Now let’s discuss the other type of reading questions contained in the TOEFL. This type differs from the comprehension-type questions in that whereas the ones we discussed previously always had a clear answer in the text, this time you will have to interpret or somehow expand on the information given in the text to determine the correct answer.

Insert Text Questions

In these questions, you will be given a new sentence and asked where it best fits in the text; the answer choices will be marked in the text by a black square. Usually the sentence will have some kind of clue as to how it should relate to the sentence before it. This clue will most likely be some sort of transition: “On the other hand,” “Furthermore,” and “Finally” are all examples. From this, you can decide whether the sentence will contrast with, complement, or summarize the previous information. Then you just have choose the square whose location makes the most sense.

Sentence Simplification Questions

These questions will ask you to choose the sentence that has the same basic meaning as a sentence in the passage. They will frequently use the phrase “essential information” or “essential meaning.” Although a quick glance at the context may be helpful, you can usually save time on these questions by focusing on just the sentence you’re given.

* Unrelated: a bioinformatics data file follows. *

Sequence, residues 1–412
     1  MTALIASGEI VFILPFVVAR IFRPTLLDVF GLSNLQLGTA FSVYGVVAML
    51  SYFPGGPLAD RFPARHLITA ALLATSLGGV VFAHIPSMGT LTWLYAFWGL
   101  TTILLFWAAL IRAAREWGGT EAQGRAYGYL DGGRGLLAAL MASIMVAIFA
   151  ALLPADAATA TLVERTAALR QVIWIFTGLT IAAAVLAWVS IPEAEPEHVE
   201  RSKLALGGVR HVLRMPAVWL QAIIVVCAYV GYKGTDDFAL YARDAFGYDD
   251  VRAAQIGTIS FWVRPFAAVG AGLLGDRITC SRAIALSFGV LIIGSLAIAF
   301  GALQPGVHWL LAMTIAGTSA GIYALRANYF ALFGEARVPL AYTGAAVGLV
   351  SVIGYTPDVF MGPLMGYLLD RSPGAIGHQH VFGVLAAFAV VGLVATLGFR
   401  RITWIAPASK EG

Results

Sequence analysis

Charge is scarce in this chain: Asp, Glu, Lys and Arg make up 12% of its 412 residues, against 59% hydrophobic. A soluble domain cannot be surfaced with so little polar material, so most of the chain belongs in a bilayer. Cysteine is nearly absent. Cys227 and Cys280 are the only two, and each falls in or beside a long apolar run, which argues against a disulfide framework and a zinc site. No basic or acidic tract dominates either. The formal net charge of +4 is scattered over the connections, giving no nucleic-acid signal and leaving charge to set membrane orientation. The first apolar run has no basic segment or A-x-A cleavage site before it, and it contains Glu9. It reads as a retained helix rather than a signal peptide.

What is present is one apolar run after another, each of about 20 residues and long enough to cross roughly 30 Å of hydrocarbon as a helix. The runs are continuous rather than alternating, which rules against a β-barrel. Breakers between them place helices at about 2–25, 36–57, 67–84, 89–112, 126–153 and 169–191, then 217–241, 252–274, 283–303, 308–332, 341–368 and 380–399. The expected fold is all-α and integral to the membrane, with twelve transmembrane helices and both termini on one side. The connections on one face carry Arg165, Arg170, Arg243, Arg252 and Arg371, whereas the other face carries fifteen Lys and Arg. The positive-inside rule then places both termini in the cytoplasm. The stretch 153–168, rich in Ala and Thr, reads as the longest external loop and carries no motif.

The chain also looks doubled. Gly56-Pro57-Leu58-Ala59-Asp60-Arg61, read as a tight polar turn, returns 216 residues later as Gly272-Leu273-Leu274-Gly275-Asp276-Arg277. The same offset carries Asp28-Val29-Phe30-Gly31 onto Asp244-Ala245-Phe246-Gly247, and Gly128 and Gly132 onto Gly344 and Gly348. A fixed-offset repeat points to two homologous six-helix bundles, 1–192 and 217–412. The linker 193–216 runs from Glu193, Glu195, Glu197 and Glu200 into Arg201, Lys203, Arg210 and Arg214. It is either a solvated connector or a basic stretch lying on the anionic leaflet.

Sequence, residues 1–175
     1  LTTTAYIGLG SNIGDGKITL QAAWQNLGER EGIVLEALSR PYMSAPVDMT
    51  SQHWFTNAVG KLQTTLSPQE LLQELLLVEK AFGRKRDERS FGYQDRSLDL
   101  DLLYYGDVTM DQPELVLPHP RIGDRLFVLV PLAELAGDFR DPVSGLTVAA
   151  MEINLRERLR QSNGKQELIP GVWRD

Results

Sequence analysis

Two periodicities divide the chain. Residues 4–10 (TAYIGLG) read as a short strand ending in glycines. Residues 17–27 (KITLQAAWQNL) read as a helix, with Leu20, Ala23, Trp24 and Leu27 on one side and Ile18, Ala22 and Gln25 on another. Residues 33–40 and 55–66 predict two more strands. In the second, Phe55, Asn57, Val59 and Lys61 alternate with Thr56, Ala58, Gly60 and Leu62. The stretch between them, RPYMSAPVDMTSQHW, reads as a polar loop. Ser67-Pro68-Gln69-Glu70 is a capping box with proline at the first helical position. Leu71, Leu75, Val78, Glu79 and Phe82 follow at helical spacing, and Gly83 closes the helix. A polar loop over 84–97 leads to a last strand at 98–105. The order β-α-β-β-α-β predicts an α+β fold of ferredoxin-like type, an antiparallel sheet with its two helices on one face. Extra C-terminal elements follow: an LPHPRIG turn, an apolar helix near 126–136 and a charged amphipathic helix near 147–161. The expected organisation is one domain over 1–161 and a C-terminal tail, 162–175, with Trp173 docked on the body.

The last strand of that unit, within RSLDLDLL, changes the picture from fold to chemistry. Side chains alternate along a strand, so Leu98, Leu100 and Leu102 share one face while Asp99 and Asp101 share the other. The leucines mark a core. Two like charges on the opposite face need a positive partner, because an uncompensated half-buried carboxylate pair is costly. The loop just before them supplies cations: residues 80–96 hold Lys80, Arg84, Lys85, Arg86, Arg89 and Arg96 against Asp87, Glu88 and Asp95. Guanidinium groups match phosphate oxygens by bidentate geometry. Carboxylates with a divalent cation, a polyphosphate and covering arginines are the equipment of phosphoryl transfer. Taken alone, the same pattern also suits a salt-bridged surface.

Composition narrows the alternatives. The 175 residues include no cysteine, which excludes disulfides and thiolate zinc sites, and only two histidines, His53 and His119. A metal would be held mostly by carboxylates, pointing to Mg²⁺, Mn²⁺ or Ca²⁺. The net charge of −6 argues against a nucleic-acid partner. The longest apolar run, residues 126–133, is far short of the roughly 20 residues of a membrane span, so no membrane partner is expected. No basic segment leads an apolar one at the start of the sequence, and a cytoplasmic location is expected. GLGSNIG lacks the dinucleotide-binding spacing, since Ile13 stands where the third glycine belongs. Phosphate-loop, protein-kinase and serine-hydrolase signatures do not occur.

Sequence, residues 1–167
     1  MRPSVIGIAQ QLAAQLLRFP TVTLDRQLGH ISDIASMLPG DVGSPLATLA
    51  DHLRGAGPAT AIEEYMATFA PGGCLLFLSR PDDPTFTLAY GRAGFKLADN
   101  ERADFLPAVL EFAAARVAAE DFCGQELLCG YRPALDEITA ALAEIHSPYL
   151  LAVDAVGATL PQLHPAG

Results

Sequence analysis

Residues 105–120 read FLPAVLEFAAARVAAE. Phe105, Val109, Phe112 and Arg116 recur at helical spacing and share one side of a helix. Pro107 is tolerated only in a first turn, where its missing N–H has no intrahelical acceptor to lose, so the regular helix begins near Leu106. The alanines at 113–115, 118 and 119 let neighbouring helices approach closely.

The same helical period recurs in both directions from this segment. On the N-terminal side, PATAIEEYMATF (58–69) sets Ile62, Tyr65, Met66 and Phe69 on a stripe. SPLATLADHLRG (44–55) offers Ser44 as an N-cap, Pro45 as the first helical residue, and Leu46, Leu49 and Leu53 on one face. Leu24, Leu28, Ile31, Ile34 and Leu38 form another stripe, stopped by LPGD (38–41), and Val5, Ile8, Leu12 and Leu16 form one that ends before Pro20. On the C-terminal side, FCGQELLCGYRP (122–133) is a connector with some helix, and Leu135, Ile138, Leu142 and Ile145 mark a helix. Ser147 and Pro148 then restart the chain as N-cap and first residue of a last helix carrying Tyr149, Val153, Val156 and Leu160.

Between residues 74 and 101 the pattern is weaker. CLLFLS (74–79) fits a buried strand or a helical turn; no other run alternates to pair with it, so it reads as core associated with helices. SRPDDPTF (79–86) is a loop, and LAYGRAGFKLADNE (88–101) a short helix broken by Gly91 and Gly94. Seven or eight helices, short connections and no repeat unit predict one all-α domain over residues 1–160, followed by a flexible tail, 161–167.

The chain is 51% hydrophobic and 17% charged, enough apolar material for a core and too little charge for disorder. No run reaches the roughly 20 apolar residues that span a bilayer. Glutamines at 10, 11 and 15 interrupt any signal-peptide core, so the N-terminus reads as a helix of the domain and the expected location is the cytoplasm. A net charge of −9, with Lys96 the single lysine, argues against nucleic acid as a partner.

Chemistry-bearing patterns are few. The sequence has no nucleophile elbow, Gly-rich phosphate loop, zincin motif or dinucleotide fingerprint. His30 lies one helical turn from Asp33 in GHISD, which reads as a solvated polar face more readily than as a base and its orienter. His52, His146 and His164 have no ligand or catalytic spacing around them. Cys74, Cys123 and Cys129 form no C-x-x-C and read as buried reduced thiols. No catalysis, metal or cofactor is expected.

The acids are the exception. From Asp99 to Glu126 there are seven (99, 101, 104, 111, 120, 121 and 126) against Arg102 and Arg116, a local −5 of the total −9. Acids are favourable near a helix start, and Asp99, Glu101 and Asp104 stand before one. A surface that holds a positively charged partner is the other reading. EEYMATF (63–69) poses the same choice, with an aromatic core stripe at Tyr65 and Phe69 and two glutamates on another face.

Inference Questions

For these questions, you’ll have to use the information you’re given to make an assumption about an argument or idea that’s not actually mentioned in the excerpt. These questions often say “What can be inferred about…” or “The author of the passage implies that…”

Rhetorical Purpose

Here you’ll have to get inside an author’s head and decide why s/he included a particular idea or fact. These questions will often ask “Why does the author…” or “The author mentions X in order to…” Once the main idea of the text as a whole is clear, your best tactic for these questions is to look up the topic mentioned in the question and try to provide a rationale for its inclusion without looking at the answer choices. As with vocabulary questions, you can read the answer choices after you’ve made up your own answer. Hopefully you can simply pick the one answer choice that means the same as the answer you came up with.

Prose Summary Questions

Prose summary questions differ from sentence simplification questions in that in this case you’ll be dealing with the whole passage. These questions will have six choices; you should pick the three that contain the most important ideas from the passage. It’s important to be able to distinguish between major and minor ideas for this question type.

Fill-In Table

In some instances, the table questions are similar to the prose summary questions; the main difference is often the format. You will be given a table with two or three columns and as many rows. You will be given categories, and then you should choose from the answer choices the information that best fits each category. You can move the answer choices by dragging and dropping them. Remember that there will always be at least one incorrect answer. Your goal is not only to select the correct answers, but to put them under the appropriate headings on the table.

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  • Kate Hardin

    Kate has 6 years of experience in teaching foreign language. She graduated from Sewanee in 2012, where she studied and taught German, and recently returned from a year spent teaching English in a northern Russian university. Follow Kate on Google+!